Spaceflight Insider

News Archive / Tagged: Mars

  • Visitors ‘dare mighty things’ at Explore JPL event

    Jerome StrachMay 22nd, 2017

    PASADENA, Calif. — On a 177-acre campus built into a mountainside, engineers and flight controllers at NASA's Jet Propulsion Laboratory (JPL) offered their time to provide an experience for the public. For many, the Explore JPL event, which occurred on May 20–21, 2017, was a rare opportunity to visit the facilities that build and control spacecraft like Cassini, Voyagers 1 and 2, and the Curiosity Mars rover.

  • NASA’s Opportunity Mars rover begins study of ‘Perseverance Valley’

    Jim SharkeyMay 19th, 2017

    NASA's Opportunity Mars rover has reached the main objective of its current two-year extended mission – an ancient fluid-carved ravine, called "Perseverance Valley", on the western rim of Endeavour Crater.

  • Space Launch System (SLS) upper stage testing begins

    Scott JohnsonMay 8th, 2017

    HUNTSVILLE, Ala. — A series of structural qualification tests on the SLS Integrated Spacecraft and Payload Element – a test version of the SLS upper / "in-space" section – is underway at NASA's Marshall Space Flight Center. The tests began on Feb. 22 and are expected to be completed by mid-May.

  • Opportunity Mars rover leaves ‘Tribulation’ for ‘Perseverance’

    Jim SharkeyApril 23rd, 2017

    NASA's Opportunity Mars rover is leaving "Cape Tribulation" – the crater-rim segment it has investigated since late 2014 – and driving south toward its next destination, "Perseverance Valley". The rover team plans to explore the valley to determine what type of activity carved it billions of years ago: water, wind, or flowing debris carried by water.

  • Lockheed Martin brings Mars Experience to students

    Vikash MahadeoApril 6th, 2017

    ORLANDO, Fla. — On April 6, 2017, Lockheed Martin showcased its Mars Experience Bus to students at Walker Middle School. The vehicle is a modified school bus that aims to bring the experience of Mars exploration to students across the United States.

  • Most of Mars’ atmosphere lost to space, scientists say

    Jim SharkeyApril 1st, 2017

    According to a new study by scientists working with NASA's MAVEN spacecraft, the Martian atmosphere was mostly stripped away by solar wind and radiation, changing Mars from a world that could have supported life billions of years ago into the frigid desert planet it is today.

  • SHERLOC could solve the mystery of life on Mars

    Tomasz NowakowskiMarch 17th, 2017

    Just like Sherlock Holmes solved complicated criminal cases, a scientific instrument named SHERLOC is being prepared to investigate one of the most fundamental mysteries of the Red Planet. The tool will be one of the most important instruments of NASA’s Mars 2020 rover, which is slated to study the possibility of past life on Mars.

  • MAVEN avoids crashing into Mars’ moon Phobos

    Derek RichardsonMarch 3rd, 2017

    NASA’s Mars Atmosphere and Volatile EvolutioN, or MAVEN, spacecraft just avoided colliding with Phobos, one of Mars’ two moons. An avoidance maneuver was performed on Feb. 28, 2017, to safely alter the trajectory of the orbiter.

  • Potential Landing Sites for Mars 2020 Narrowed Down to Three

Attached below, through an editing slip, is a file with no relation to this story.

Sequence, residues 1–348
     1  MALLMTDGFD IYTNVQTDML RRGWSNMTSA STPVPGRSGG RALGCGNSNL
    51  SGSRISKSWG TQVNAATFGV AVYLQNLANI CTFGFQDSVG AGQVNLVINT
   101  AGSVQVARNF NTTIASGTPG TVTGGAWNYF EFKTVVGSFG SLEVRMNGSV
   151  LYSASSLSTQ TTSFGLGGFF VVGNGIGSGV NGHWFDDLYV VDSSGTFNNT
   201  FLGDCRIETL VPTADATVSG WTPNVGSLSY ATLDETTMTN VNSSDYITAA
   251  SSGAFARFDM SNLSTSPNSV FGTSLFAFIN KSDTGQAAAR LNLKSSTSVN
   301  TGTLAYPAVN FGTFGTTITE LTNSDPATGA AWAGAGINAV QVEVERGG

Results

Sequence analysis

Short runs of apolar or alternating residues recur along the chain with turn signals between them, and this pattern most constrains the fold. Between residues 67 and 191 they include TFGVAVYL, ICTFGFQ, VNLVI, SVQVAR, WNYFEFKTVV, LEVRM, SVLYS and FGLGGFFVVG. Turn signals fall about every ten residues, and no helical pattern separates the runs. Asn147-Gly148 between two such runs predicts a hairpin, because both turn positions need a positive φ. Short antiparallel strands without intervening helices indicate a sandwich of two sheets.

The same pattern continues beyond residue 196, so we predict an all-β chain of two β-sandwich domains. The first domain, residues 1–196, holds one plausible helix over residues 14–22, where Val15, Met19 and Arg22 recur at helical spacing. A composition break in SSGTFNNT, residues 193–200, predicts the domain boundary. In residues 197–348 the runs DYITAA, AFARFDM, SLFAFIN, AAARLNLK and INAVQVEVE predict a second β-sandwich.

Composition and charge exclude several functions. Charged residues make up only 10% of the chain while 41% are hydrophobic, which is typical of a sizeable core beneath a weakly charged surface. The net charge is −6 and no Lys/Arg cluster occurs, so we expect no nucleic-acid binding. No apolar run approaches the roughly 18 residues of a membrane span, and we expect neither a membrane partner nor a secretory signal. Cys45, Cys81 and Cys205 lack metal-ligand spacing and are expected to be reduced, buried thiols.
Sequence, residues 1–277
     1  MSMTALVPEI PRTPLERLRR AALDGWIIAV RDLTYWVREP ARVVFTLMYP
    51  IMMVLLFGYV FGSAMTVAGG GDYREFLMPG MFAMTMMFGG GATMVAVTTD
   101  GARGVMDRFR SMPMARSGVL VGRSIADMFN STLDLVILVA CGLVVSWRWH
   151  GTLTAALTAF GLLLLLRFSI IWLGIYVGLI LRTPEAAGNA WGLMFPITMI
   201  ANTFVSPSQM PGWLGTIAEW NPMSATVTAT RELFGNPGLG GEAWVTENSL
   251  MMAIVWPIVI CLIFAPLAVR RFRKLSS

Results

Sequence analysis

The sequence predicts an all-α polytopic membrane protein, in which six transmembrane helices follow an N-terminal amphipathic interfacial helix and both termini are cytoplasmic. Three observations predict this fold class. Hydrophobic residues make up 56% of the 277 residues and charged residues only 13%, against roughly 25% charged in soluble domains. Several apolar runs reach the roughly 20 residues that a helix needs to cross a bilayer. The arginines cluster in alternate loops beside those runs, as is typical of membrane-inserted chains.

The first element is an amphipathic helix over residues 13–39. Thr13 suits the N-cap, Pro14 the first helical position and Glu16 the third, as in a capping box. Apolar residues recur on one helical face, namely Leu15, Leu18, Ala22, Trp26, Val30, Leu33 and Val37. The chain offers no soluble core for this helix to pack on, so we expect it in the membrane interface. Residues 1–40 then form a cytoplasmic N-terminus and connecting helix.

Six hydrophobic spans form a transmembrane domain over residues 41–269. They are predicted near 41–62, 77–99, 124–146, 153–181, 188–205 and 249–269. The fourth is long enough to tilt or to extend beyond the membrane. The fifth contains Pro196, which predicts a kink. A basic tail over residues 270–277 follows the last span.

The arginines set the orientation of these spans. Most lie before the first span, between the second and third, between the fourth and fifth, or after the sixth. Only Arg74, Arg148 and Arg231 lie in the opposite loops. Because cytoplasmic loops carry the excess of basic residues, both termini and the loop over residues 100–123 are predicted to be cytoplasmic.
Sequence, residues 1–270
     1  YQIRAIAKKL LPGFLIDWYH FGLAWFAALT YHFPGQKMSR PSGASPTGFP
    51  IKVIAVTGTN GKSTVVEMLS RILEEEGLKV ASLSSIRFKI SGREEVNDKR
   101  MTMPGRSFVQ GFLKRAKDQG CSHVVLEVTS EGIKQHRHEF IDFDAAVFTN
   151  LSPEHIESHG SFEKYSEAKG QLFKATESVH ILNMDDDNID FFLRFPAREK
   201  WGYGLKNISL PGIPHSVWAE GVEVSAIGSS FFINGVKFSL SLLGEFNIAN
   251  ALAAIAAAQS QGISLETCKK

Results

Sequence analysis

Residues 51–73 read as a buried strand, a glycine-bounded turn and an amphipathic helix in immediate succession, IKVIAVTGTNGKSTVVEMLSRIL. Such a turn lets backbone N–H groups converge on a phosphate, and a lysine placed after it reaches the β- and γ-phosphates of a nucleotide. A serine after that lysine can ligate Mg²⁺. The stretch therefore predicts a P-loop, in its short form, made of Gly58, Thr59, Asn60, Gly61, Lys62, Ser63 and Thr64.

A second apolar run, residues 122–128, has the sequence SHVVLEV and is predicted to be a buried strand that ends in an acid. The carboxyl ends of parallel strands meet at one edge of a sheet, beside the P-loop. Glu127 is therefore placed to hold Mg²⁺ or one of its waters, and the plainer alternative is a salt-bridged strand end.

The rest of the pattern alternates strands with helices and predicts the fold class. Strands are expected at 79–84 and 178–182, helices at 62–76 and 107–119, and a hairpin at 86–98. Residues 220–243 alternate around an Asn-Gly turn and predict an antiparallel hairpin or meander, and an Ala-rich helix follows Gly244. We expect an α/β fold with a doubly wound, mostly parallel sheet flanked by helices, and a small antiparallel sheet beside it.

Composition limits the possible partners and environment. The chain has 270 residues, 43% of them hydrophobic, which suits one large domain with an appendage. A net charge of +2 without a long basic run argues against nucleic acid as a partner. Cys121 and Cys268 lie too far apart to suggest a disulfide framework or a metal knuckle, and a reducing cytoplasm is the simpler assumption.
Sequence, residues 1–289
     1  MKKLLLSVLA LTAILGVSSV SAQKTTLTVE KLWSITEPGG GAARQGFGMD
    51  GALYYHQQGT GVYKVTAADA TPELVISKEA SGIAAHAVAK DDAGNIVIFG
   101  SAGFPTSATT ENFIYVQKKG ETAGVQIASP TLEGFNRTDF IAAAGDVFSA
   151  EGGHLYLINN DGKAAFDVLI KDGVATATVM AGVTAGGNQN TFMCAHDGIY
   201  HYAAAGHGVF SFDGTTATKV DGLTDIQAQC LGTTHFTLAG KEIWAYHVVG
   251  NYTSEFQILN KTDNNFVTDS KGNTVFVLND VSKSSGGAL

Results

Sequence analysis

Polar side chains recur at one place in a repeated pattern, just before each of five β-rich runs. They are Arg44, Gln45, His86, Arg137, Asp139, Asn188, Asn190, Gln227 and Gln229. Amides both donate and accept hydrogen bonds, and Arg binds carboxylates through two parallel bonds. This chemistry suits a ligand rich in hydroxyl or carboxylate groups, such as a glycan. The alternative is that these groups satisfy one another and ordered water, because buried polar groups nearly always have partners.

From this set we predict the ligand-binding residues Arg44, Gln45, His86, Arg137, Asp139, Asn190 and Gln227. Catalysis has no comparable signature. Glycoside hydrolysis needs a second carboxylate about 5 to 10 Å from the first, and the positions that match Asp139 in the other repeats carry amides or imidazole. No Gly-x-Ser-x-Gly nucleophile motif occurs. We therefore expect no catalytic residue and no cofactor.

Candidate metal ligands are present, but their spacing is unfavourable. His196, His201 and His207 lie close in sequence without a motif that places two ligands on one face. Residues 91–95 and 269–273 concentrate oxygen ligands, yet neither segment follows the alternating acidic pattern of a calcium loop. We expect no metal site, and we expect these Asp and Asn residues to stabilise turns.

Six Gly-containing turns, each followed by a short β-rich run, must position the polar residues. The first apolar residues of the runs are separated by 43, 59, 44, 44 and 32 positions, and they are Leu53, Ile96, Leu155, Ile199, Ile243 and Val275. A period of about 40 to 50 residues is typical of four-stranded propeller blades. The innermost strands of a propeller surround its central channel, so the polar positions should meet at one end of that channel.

Paul KnightlyFebruary 16th, 2017

    The number of potential landing sites for the Mars 2020 rover has been narrowed down to three, from a list of eight, following a conference of scientists last week. The top three landing sites that were selected were in Northeast Syrtis Major, Jezero Crater, and the Columbia Hills in Gusev Crater.

  • Curiosity rover findings raise new questions about ancient environment on Mars

    Jim SharkeyFebruary 8th, 2017

    While NASA's "Curiosity" Mars rover has discovered considerable evidence that there was once liquid water on the Red Planet's surface, a recent study has posed a new question: How was the surface of Mars warm enough to keep the water unfrozen?

  • Audit of NASA’s Mars 2020 rover mission warns of potential delays

    Jim SharkeyFebruary 7th, 2017

    In a report issued on Jan. 30, 2017, NASA's Office of Inspector General (OIG) voiced concerns about issues that could delay the planned July 2020 launch of the space agency's next Mars rover. An optimal 20-day window for a journey from Earth to Mars occurs once every 26 months. Missing the 2020 launch date would result in increased costs while waiting for the next launch opportunity.

  • Ridges on Mars have variety of origins

    Laurel KornfeldJanuary 27th, 2017

    Ridges of various sizes have been located in many regions of the Martian surface, and scientists surmise that they originated in a variety of processes and events.

  • Our Spaceflight Heritage: Opportunity rover marks 13 years on Mars

    Curt GodwinJanuary 25th, 2017

    NASA's Mars rover "Opportunity" might never be classified as speedy, averaging only slightly more than 2 miles (3.36 km) per year since its landing on Jan. 25, 2004. Nevertheless, what the stalwart explorer lacks in range is more than made up with its longevity. The rover has been in active operation on the Red Planet for 13 years, far exceeding the original planned mission of 90 sols (∼92 Earth days).

  • NASA’s Curiosity rover studies possible mud cracks

    Jim SharkeyJanuary 19th, 2017

    Researchers with NASA's "Curiosity" mission have recently been using the Mars rover to study slabs of rock cross-hatched with shallow ridges that may have begun as cracks in drying mud more than 3 billion years ago.

  • Visions of the road to Mars

    Jason RhianJanuary 15th, 2017

    No planet is more steeped in lore, legend, and romance than Mars. For SpaceFlight Insider's illustrator James Vaughan, the Red Planet is a subject matter well suited for his unique style of photo-illustration. He spoke with us about how interest in Mars is increasing and how his work is racing to keep up.